[7] Daniel O’ Connell (1775-1847) was known as ‘The Liberator’. He founded the Catholic Association in 1823 as a mass movement to campaign for Catholic Emancipation. In the 1840s, he campaigned for the repeal of the Act of Union.

Thursday, 27 July 2017

Clerical Errors, Volume 2

Tom Hughes Clerical Errors: A Victorian Series, Volume 2, (Squeaking Chair Books), 2017, £4.65 Kindle edition, £8.99 paperback

There is a supreme irony I think in that just at the time that support for the Church of England waned especially in towns and industrial cities, there was a dramatic increase in the number of its clergymen…a doubling in numbers from Queen Victoria’s accession in 1837 to 28,000 on her death sixty-four years later.  Most lived inconsequential lives ministering to their flocks with varying degrees of success but a few achieved notoriety because of their misconduct, something that was widely reported in the local and national press. In the case of the slander trial of Rev. Turberville Cory-Thomas shared the front pages with news of the Queen’s death. The problem, until the Clergy Discipline Act of 1893 streamlined the process, was that it was extremely difficult to remove a clergyman from his living.  Using obtuse ecclesiastical law and top lawyers, clerics could defy efforts to remove them at immense cost in litigation for the church itself.  The author of this excellent book draws on his unique database of Victorian clerical scandals to examine five cases of clerical conduct that ended before the courts.

Parson Young's Night Out –At the turn of the twentieth century, the Rev. Charles Gordon Young a boisterous Yorkshire man was rector of a posh parish in Chipstead, a quiet Surrey village. He was initially popular in the pulpit and on the cricket ground but his critics suspected that he drank too much. Despite attempts to get the Rev. Young to moderate his drinking, he steadfastly refused to  do so denying that he had any problems with alcohol.  Matters came to a head when the local ‘swells’ of Chipstead found their clergyman in a notorious London club with a lady of the evening upon his knee.  The result was a legal case in which he was found guilty of being drunk on ‘divers occasions’ and was defrocked.  This was almost the end of the matter yet many people in Chipstead felt that the rector had been badly treated and regretted the loss of a clergyman of undoubted ability.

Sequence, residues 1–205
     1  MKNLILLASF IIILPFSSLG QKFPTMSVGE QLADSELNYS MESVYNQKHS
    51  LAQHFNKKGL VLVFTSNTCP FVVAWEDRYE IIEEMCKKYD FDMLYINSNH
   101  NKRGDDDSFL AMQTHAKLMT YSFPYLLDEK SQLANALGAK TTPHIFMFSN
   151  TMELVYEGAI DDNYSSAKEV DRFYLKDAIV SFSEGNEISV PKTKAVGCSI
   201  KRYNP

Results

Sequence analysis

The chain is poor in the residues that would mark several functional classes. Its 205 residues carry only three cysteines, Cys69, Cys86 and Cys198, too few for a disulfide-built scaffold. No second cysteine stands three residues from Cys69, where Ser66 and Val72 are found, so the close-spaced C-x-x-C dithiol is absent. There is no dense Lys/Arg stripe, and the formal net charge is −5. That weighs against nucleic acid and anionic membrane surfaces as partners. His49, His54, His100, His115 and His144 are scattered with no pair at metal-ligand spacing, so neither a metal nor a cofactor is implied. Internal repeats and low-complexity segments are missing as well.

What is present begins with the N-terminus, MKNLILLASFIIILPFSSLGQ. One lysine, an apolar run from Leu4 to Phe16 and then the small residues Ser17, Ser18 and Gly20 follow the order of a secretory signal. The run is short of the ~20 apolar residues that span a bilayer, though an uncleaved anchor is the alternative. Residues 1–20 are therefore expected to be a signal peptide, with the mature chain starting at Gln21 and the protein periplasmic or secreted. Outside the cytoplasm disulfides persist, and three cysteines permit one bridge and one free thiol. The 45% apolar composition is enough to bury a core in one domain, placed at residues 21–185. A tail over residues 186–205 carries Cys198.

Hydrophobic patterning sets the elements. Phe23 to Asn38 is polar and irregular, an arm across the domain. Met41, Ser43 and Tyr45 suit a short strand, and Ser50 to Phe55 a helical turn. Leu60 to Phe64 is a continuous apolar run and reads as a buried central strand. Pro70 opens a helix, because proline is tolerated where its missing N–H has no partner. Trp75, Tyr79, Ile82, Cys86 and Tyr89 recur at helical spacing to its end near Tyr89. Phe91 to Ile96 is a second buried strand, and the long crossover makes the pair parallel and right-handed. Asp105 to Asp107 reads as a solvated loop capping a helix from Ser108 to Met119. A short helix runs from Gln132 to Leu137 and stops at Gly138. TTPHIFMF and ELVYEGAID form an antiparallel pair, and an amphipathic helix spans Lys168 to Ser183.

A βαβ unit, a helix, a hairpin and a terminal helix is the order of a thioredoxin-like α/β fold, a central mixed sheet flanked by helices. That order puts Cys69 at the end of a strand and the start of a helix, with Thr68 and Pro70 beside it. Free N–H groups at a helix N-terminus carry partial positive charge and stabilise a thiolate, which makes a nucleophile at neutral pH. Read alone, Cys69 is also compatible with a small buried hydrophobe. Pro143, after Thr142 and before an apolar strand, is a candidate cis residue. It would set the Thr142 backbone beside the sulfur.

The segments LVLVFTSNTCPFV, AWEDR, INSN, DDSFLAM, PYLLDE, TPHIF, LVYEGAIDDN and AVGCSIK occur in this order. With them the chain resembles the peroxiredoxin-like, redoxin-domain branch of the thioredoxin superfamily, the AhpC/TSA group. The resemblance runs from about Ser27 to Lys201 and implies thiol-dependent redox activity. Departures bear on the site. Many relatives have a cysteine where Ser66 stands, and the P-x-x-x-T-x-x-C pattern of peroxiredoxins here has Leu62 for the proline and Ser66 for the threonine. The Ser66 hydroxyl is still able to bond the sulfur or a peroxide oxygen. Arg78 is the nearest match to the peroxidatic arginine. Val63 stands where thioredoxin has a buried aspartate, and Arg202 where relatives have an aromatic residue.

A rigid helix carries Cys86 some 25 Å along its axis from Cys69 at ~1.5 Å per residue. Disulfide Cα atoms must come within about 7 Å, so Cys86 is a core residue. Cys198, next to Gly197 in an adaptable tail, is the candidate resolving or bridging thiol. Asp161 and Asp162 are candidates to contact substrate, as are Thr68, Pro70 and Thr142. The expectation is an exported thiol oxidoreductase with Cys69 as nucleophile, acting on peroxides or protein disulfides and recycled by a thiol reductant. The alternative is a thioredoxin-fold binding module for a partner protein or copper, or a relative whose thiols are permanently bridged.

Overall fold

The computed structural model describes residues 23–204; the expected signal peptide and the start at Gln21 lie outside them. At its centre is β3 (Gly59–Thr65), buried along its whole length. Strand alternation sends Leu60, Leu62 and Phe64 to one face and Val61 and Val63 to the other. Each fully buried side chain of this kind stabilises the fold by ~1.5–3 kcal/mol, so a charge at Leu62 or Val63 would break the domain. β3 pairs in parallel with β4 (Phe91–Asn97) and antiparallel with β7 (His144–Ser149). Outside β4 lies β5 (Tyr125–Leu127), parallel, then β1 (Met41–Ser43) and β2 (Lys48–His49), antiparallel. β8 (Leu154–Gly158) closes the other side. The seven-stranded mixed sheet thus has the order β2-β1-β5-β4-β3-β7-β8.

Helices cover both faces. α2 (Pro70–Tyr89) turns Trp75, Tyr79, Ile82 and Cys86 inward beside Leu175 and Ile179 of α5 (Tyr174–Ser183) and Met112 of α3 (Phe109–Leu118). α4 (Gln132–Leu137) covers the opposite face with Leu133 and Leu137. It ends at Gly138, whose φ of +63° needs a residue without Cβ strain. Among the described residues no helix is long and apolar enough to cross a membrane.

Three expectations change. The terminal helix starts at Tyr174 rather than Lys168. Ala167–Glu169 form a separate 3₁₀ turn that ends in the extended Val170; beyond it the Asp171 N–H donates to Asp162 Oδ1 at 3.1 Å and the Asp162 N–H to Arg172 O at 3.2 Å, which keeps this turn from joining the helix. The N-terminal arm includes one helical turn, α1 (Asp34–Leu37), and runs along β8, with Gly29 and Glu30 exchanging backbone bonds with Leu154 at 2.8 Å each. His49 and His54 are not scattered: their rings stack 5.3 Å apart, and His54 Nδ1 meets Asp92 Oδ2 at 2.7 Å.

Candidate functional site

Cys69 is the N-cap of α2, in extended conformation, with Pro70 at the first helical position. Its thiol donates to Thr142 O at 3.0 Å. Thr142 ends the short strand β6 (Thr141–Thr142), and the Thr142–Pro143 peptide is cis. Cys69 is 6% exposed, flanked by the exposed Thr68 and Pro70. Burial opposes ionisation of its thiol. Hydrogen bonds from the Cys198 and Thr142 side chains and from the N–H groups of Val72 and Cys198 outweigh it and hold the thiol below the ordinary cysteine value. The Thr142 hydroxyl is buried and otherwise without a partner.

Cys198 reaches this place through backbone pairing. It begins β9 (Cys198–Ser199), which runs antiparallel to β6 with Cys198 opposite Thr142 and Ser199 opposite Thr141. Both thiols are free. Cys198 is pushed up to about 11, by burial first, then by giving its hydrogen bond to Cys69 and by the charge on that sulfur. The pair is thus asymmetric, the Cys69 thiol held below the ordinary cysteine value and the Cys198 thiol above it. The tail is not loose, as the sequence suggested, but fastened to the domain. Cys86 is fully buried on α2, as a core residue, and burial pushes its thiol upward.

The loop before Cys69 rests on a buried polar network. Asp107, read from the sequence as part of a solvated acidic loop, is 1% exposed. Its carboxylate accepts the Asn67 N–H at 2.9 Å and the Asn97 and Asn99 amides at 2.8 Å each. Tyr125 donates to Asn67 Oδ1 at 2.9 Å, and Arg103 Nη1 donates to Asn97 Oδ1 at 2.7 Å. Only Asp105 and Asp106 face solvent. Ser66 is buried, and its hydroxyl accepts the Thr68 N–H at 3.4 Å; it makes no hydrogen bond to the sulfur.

A Case of Heartless Villainy - His prospects blighted, his health ruined, the Rev. Richard Marsh Watson made a living in a clerical agency and selling sermons and he also went in for blackmail. Having seduced his wife's sister, Watson required her to purchase his silence. When she, at last, refused to pay, the ensuing trial that saw Watson sentenced to 12 years penal servitude, shocked all Britain. Still, as one newspaper wondered, ‘What are we to think of the young women who yielded to the advances of a scrofulous parson with one leg?’

A Clerical Lothario - The Rev. Turberville Cory-Thomas, complimented frequently on his ‘dagger moustache’, was quite popular with the church ladies in the rapidly growing parish of Acton Green in West London. His vicar, Mr Spink, praised him regularly until Mr. Cory-Thomas, who was a widower, was accused of attempting to seduce two sisters--one over lunch at Gatti’s, the other in a grim bedsit near Euston Station. Cory-Thomas was immediately dismissed by his vicar after an acrimonious meeting of which both parties later gave different accounts.  The ensuing slander trial that Cory-Thomas brought and lost shared the front pages with news of Queen Victoria's death.

I'll Do for Dicky Rodgers - A summer outing on the Broads was under the charge of the Rev. Edward Rodgers, curate of Lowestoft. Too much sun, too much smoke and drink at the ‘after-party’ in the pub and Rodgers was poorly. A local youth offered to help him home. What happened in the darkened lane between the hedgerows? George Rix began telling everyone, ‘He must have thought I was his wife.’ Rumours of what had happened quickly spread throughout Lowestoft and his vicar tried to persuade Rodgers, who said Rix made the whole thing up, to quietly resign. Rodgers won the subsequent slander trial  and though his character was cleared it was several years before he received a new living in Nottinghamshire.

The Irreproachable Mr. Karr-Handsome, sporting and the darling of the raffish set at Berkeley Castle was the Rev. John Seton-Karr. In the town, however, the vicar's suavity may have gone too far. Was Mr. Karr's gift of satin dancing shoes to William Gaisford a local solicitor's wife in any way appropriate? But when Mrs. Gaisford, known for her extraordinary teeth, called upon Mr. Karr at his London hotel, sensational rumours were aroused leading to a series of legal battles initiated by the furious William Gaisford that, literally, worried a Bishop to death. Gaisford’s attempt to prosecute Karr before the ecclesiastical court and the civil court for criminal conversation both failed.  Karr remained as vicar of Berkeley until 1871 outliving the Gaisfords.

I thoroughly enjoyed reading this book.  It  written with verve and is eminently readable.  It’s sometimes difficult to make legal cases interesting but for Tom Hughes this is not a problem.  The five cases are well-chosen and retain the reader’s interest throughout.  I look forward to Volume 3